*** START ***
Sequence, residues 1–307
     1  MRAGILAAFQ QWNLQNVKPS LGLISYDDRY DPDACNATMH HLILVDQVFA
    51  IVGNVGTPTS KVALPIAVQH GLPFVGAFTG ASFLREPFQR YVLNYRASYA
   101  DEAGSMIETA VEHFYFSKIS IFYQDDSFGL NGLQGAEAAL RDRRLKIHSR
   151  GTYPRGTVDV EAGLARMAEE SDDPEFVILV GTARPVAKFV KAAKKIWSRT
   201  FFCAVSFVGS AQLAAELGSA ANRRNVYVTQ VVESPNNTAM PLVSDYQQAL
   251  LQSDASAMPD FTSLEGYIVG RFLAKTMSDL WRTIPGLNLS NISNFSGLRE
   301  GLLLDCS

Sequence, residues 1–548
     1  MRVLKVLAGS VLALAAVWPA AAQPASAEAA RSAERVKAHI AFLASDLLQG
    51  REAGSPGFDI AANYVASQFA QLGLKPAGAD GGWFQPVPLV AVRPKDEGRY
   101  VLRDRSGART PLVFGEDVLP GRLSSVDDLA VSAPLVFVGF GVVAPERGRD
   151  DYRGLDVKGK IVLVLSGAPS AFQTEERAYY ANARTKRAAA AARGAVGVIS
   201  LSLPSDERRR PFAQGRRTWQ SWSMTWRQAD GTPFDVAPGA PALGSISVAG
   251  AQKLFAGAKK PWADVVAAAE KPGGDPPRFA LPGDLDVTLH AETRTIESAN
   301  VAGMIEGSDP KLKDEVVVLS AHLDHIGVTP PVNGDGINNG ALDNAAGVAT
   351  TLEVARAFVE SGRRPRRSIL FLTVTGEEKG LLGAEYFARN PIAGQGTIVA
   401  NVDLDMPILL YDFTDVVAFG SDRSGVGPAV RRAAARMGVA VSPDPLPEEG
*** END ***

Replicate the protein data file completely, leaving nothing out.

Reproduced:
Sequence, residues 1–307
     1  MRAGILAAFQ QWNLQNVKPS LGLISYDDRY DPDACNATMH HLILVDQVFA
    51  IVGNVGTPTS KVALPIAVQH GLPFVGAFTG ASFLREPFQR YVLNYRASYA
   101  DEAGSMIETA VEHFYFSKIS IFYQDDSFGL NGLQGAEAAL RDRRLKIHSR
   151  GTYPRGTVDV EAGLARMAEE SDDPEFVILV GTARPVAKFV KAAKKIWSRT
   201  FFCAVSFVGS AQLAAELGSA ANRRNVYVTQ VVESPNNTAM PLVSDYQQAL
   251  LQSDASAMPD FTSLEGYIVG RFLAKTMSDL WRTIPGLNLS NISNFSGLRE
   301  GLLLDCS

Sequence, residues 1–548
     1  MRVLKVLAGS VLALAAVWPA AAQPASAEAA RSAERVKAHI AFLASDLLQG
    51  REAGSPGFDI AANYVASQFA QLGLKPAGAD GGWFQPVPLV AVRPKDEGRY
   101  VLRDRSGART PLVFGEDVLP GRLSSVDDLA VSAPLVFVGF GVVAPERGRD
   151  DYRGLDVKGK IVLVLSGAPS AFQTEERAYY ANARTKRAAA AARGAVGVIS
   201  LSLPSDERRR PFAQGRRTWQ SWSMTWRQAD GTPFDVAPGA PALGSISVAG
   251  AQKLFAGAKK PWADVVAAAE KPGGDPPRFA LPGDLDVTLH AETRTIESAN
   301  VAGMIEGSDP KLKDEVVVLS AHLDHIGVTP PVNGDGINNG ALDNAAGVAT
   351  TLEVARAFVE SGRRPRRSIL FLTVTGEEKG LLGAEYFARN PIAGQGTIVA
   401  NVDLDMPILL YDFTDVVAFG SDRSGVGPAV RRAAARMGVA VSPDPLPEEG